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uploaded 4/24/99

updated 5/3/99

Is Goodyear Done?

Back toLong Beach start page

Everyone has always assumed that the competition between Goodyear Tire & Rubber Company and Bridgestone/Firestone Inc. is an even battle that might swing one way or the other but would never yield a clear winner. Maybe we were wrong. It looks to me like Firestone has won.

Gil De Ferran, the only Goodyear driver in a competitive car, was in the hunt at Long Beach but only just. He qualified seventh and finished sixth. But how can Goodyear develop tires with one driver?

The difference between the two tires seems to boil down to this: Goodyear tires have more grip the first few laps and then performance deteriorates. The tires loose a few tenths of a second after one to three laps and then a half second more at 10 to 20 laps. What's worse is the balance can change also, but the team has some control of this with their setup.

The Firestone tires are initially slower than the Goodyears by a tenth of a second or two, but they do not "go off" as badly. You hear drivers/engineers say, "They're more consistent." If the grip doesn't deteriorate the balance can't change much either.

Off the record people from both companies say, "It's always been that way. Goodyears are grippier but go off. Firestones are more consistent." It seems neither company knows exactly why.

They can steal each other's tires and dissect them, so why doesn't Goodyear just make a tire the same as a Firestone? [Added 5/3/99: The Firestone guys told me at Nazareth that they have a policy of never looking at Goodyear tires.] It's not that simple. A chemical analysis of a rubber compound will tell you what's there and how much but cannot reveal the temperature, pressure, processing history the material experienced during manufacturing. Goodyear would certainly fix the problem if they knew how.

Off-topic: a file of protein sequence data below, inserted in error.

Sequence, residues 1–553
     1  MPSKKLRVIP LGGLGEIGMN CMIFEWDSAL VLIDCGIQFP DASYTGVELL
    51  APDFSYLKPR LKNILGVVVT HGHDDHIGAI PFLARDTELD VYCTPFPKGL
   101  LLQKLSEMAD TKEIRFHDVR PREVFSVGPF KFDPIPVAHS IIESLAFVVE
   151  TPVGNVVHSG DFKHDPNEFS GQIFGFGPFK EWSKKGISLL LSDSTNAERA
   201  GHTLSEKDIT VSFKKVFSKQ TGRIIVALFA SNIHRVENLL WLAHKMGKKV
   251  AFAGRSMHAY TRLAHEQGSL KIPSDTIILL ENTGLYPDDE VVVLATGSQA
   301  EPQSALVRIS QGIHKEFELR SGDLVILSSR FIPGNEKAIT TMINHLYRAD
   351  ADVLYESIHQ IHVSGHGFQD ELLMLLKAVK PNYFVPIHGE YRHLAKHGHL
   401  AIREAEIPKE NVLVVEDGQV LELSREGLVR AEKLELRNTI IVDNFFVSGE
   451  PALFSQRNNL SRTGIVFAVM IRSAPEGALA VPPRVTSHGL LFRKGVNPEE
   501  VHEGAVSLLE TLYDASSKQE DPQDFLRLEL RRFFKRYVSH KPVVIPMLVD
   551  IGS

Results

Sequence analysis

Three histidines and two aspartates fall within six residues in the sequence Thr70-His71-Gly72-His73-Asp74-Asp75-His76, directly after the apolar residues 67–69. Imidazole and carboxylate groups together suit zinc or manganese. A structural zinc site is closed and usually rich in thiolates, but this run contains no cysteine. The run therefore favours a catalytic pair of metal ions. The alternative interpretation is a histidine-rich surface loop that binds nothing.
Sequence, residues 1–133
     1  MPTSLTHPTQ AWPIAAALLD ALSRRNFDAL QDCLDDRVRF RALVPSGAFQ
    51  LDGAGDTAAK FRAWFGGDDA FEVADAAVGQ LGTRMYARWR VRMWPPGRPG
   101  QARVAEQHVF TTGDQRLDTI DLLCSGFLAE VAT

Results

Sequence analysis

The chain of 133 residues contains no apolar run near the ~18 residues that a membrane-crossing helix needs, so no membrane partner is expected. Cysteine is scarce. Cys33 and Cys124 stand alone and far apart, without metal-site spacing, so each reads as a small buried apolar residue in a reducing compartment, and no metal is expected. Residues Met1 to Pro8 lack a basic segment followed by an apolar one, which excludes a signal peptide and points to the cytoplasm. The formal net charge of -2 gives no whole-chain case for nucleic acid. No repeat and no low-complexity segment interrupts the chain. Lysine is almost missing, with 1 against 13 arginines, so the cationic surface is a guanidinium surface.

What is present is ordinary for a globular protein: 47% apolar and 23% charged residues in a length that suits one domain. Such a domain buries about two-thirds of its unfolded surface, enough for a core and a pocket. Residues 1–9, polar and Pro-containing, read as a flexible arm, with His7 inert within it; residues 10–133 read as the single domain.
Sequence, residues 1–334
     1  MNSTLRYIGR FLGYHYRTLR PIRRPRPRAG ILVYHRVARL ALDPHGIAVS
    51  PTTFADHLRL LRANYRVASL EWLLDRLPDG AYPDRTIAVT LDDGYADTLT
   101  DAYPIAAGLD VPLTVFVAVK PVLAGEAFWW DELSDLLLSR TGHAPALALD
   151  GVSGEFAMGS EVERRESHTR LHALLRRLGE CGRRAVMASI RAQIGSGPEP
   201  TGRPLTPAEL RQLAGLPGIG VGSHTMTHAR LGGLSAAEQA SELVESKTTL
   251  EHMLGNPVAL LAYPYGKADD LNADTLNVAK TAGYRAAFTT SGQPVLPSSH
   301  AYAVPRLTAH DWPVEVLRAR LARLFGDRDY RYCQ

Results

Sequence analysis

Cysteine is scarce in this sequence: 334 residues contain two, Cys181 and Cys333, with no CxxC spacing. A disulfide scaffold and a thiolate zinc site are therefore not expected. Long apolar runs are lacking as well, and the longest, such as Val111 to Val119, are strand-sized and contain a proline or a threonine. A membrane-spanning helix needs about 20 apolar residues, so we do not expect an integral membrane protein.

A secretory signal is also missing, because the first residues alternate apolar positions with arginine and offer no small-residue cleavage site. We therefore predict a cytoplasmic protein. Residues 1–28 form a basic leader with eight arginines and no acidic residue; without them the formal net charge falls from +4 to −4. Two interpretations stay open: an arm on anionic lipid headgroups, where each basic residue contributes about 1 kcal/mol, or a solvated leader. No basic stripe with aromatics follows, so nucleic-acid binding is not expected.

Added 11/7/99:
The sentence in bold type above is the key. Somehow Firestone is able to make a tire with more grip and the tensile strength to transmit the higher forces that result. Their tires retain that grip even after 50 to 70 laps. Good year tires kept getting softer but the rubber would shear off and roll up into gooey gobs that littered the track and degraded traction off the racing line. After a couple of laps the tires "go off" a half second and continue todeteriorate until they are seconds a lap slower. The Goodyear NASCAR tires continue to behave like this.

At Long Beach a Firestone guy told me it's been their policy for years to avoid even touching a Goodyear tire.

During Long Beach week I heard huge amounts of Goodyear radio promotions for the NASCAR event at Fontana the following week but nothing on the CART race. Goodyear used to buy advertising during CART TV programs, but not anymore. Goodyear simply can't justify spending millions on development while losing.

I think Goodyear management decided to cut back on racing several years ago. Leo Mehl, now Executive Director of the Indy Racing League, got tired of fighting for enough budget and quit his job as Worldwide Director of Racing for Goodyear. They get great PR for their involvement in NASCAR racing and they will stay in the IRL as long as they win some races. Scott Goodyear won on Goodyear tires recently at the IRL event at Phoenix. Money not spent on racing goes right to the bottom line and becomes profit as long as sales don't suffer.

They were getting beat badly in Formula 1 and were making no headway so they quit. I think the same thing will happen in CART this year.

Too bad, the competition added a lot of flavor to the race weekends. The teams won't mind, though. They will have an easier job dialing in the cars if they see fewer changes in the tires. Firestone will bring more conservative tires to races ending problems they've had that led to failures like the one that caused Greg Moore to spin late in the Motegi race.


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